P&W confident in GTF maintenance support plan

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Pratt & Whitney (P&W) is confident that the maintenance support strategy it is putting into place for its geared turbofan (GTF) engine will satisfy airline customers of the Bombardier CSeries, Airbus A320neo, the Mitsubishi Regional Jet and the Irkut MS-21.

At the Farnborough air show last year Qatar Airways boss Akbar Al Baker said a CSeries order hadn't come to fruition due to the airline's concerns over P&W's maintenance cost guarantees.

Asked where the engine manufacturer stands on the issue now, P&W commercial engines and global services president, Todd Kallman told ATI and flightglobal: "We continue to work with Bombardier and I think we are in a good position. But think about the fact that we were able to show both Lufthansa, which has its own maintenance organization, and IndiGo, a low-cost carrier, that we have a better value proposition on the A320neo engine than the competition. I think that was huge. We have a good strategy in place. We'll have a network that supports us.

"Partners on the A320neo include MTU and the Japanese Aero Engine Corp (JAEC). So we have a good plan. We put a lot of effort into how we designed this engine, not just for performance but also maintainability, including placing boroscope ports on the engine so you can do a lot of inspection on wing, and we can do some repairs on wing overnight that traditionally have been done in an engine shop, such as compressor airfoil blending. We even simplified how you dismantle and reassemble the engine in the shop. Also, there are much fewer parts so all of that goes into lowering maintenance costs."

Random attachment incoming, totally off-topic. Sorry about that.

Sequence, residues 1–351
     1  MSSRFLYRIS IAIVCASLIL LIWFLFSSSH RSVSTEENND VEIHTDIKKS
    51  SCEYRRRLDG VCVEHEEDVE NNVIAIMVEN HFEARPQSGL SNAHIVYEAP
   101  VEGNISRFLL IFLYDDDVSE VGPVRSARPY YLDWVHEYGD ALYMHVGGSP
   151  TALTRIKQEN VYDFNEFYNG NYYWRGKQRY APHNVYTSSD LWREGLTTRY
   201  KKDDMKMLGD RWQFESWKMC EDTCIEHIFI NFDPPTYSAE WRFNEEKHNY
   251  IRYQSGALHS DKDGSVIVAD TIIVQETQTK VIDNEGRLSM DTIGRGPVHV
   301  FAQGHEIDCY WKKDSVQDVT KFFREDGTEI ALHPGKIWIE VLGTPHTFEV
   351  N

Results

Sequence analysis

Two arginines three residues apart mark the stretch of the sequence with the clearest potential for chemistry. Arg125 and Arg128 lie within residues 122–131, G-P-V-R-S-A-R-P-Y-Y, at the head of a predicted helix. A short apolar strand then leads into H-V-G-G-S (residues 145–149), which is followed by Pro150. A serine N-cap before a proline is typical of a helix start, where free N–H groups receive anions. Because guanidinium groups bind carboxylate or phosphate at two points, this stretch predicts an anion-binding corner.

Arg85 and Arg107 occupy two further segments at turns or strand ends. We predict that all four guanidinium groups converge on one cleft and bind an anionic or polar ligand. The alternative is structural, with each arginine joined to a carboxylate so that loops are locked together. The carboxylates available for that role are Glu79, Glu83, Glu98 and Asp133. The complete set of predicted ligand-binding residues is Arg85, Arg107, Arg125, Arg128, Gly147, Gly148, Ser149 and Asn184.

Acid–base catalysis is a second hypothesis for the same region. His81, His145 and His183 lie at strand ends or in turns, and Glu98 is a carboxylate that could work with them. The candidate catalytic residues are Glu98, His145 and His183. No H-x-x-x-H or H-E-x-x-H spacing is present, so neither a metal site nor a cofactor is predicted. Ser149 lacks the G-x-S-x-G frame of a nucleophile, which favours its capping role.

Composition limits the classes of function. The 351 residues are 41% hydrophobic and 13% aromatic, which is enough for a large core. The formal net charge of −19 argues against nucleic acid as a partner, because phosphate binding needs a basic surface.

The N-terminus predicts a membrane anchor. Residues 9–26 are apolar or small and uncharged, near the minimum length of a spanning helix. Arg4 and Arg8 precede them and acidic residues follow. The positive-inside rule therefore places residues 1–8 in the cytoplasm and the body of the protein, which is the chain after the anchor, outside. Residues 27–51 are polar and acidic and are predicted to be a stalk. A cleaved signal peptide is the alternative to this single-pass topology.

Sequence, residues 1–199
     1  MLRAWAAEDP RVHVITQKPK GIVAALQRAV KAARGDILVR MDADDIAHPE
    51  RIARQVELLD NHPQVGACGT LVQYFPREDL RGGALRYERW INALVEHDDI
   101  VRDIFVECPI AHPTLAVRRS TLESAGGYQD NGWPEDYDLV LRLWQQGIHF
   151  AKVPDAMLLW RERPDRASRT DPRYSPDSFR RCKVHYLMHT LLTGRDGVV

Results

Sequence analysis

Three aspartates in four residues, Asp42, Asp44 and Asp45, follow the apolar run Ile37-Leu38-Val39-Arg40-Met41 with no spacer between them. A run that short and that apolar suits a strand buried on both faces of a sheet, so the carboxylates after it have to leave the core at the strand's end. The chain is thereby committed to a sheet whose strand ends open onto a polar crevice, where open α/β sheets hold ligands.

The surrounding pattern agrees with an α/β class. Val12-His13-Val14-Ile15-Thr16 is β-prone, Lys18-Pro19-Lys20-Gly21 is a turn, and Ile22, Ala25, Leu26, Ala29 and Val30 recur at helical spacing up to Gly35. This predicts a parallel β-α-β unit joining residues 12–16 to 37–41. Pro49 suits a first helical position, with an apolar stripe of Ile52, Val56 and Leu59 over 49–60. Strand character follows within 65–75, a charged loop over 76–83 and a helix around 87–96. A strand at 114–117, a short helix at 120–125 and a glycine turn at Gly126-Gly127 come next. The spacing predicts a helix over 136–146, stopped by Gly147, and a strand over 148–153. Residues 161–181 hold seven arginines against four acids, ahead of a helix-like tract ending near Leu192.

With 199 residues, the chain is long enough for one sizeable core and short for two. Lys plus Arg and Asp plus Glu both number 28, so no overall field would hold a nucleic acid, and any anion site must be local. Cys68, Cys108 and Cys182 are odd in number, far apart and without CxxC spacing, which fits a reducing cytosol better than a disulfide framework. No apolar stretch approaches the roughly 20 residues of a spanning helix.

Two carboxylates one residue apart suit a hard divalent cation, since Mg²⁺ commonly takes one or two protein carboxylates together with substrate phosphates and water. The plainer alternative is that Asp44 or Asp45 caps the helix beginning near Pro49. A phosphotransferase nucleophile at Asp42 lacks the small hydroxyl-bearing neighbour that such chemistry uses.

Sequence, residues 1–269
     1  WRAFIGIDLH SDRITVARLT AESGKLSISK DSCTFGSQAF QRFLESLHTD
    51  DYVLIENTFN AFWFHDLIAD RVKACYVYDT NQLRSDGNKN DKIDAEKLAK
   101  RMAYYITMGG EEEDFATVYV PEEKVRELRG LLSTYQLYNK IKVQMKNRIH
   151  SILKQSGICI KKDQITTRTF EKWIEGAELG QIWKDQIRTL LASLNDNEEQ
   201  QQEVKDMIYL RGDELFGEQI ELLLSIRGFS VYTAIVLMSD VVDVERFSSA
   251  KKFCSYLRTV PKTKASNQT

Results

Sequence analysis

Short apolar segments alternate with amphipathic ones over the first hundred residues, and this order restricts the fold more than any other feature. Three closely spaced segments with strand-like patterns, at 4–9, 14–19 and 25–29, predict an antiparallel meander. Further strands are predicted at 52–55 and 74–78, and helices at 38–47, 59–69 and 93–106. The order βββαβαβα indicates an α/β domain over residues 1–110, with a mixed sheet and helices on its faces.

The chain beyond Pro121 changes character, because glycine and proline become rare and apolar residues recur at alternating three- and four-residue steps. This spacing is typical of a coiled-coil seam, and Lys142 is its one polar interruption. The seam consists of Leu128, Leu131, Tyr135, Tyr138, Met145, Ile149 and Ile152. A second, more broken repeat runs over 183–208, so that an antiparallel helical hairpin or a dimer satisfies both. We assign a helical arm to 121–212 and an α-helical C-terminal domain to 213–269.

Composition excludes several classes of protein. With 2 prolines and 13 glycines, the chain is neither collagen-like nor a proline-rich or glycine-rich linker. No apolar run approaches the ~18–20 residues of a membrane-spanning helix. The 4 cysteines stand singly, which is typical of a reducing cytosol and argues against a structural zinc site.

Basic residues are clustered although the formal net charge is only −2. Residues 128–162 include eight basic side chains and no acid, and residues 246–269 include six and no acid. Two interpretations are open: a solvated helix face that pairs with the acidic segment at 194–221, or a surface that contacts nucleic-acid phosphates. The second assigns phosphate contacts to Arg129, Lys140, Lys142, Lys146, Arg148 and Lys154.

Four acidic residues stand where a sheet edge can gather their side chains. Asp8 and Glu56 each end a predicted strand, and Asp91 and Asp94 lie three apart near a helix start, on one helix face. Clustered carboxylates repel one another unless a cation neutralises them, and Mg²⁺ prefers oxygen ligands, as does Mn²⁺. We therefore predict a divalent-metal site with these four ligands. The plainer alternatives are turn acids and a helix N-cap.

Lufthansa has ordered both the PW1100G-powered A320neo and the PW1500G-powered CSeries. While the core size between the engines is different, and they are not common on a part number basis, the two types share commonality in architecture "so it gives us the opportunity in developing the aftermarket maintenance plan to have synergies there", said Kallman.

"There will be compatibility in terms of how the engine is maintained on wing with the use of boroscopes. In terms of whether it makes sense for airlines to acquire both A320neo and CSeries, it goes back to the airline and how they want to evaluate commonality - whether it be commonality in the actual airplane versus what is the actual mission for the aircraft. But I think there are opportunities for both types in an airline's fleet."